On September 24, 2014, CVE-2014-6271  was published, revealing a major issue with the way GNU Bash processes environment variables. More specifically, Bash does not properly parse functions passed in environment variables, allowing trailing code to be executed in the Bash context. This allows an attacker to execute arbitrary code by properly crafting environment variables.
In general, this bug can be triggered over the network without authentication, which makes it extremely sensitive, and is currently ranked with the highest possible CVSS v2 base score of 10, according to the National Vulnerability Database.
A10 Networks has not been able to replicate this condition remotely with A10 Thunder, AX, ID, or EX Series products. However, we are still researching several corner cases and we will update this advisory as we have new information.
However, local exploitation is possible, and we will be, therefore, providing patches to address this issue (see below for information on how to download patches).
There is an ongoing discussion of additional issues stemming from the way Bash parses variable content that are currently tracked under CVE-2014-7169 . Our team is continuously monitoring those developments and, if A10 products are deemed to be vulnerable to any of the issues addressed in CVE-2014-7169, A10 will provide patches for those as well.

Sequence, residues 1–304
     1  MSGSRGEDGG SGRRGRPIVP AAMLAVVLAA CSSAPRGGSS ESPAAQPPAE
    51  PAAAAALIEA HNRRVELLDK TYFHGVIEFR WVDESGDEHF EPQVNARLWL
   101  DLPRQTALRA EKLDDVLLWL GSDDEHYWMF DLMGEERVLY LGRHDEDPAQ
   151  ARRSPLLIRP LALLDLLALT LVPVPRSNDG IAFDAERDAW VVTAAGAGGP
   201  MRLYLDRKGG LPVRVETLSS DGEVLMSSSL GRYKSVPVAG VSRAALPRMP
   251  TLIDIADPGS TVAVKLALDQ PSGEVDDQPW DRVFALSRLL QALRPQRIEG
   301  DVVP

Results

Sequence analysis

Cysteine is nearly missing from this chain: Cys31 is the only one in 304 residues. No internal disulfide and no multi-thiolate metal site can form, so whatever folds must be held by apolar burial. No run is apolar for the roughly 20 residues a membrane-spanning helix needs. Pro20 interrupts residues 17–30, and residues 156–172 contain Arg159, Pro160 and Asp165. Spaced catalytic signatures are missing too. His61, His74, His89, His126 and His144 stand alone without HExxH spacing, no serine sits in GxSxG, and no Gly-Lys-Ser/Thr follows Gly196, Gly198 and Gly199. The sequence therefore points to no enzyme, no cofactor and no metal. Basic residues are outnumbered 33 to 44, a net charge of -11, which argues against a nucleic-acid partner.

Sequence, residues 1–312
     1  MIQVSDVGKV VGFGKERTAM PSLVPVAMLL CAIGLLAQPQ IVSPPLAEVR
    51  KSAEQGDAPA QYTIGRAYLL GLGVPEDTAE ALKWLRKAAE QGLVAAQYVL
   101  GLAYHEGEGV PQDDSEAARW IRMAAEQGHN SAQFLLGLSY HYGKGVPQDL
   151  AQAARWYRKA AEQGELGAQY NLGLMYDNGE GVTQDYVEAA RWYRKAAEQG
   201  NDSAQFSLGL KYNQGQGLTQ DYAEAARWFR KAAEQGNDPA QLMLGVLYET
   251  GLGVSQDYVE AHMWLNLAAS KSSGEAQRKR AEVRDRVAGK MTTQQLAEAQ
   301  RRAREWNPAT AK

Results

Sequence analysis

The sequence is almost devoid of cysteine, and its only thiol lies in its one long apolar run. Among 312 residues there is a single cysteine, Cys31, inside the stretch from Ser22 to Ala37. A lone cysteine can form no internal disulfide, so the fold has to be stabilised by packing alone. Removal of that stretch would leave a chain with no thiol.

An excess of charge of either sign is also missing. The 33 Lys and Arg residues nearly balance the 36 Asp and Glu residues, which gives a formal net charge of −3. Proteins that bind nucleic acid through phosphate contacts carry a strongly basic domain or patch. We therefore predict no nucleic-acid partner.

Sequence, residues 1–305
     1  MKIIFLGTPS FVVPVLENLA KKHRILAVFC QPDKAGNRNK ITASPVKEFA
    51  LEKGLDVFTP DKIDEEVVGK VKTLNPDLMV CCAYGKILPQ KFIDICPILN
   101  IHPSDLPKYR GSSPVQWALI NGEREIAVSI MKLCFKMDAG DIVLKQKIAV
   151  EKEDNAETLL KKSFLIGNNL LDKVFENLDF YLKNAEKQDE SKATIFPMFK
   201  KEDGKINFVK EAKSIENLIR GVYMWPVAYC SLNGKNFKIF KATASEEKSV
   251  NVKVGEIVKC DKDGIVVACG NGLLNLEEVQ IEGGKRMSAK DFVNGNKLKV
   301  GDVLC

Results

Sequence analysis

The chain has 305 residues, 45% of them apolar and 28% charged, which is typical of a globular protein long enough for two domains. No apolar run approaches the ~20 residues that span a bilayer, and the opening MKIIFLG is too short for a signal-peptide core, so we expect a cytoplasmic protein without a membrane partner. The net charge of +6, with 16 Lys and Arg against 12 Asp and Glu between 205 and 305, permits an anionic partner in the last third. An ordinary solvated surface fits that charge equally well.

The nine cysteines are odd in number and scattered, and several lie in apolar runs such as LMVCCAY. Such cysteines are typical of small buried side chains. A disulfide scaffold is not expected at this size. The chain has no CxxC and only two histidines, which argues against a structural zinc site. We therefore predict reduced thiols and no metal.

|bash: specially-crafted environment variables can be used to inject shell commands 
GNU Bash through version 4.3 is affected with this vulnerability.
Vulnerable versions of Bash are used in A10’s products. Our engineers have been able to validate that in the current configuration, it is possible to execute and trigger this vulnerability locally. For most deployments, this is not an issue since access to the systems is usually authenticated and the operator is already at the highest level of privileges.
We are further investigating the issue and will provide updates as we complete our investigation.
From the point of view of remote exploitation, there are a couple of mitigating factors that suggest this vulnerability may not be triggered; however, we cannot rule this out as a possibility.
The first factor is that none of our web-based management processes use the CGI interface, nor do our other management processes spawn Bash to perform their tasks. This makes it very unlikely that a tainted variable will propagate and be provided in environments where Bash will be executed.
The second mitigating factor is that none of the management interfaces are exposed to the data plane. At this point, the only point of contact would be the management plane which, by definition, is much better guarded and access is limited.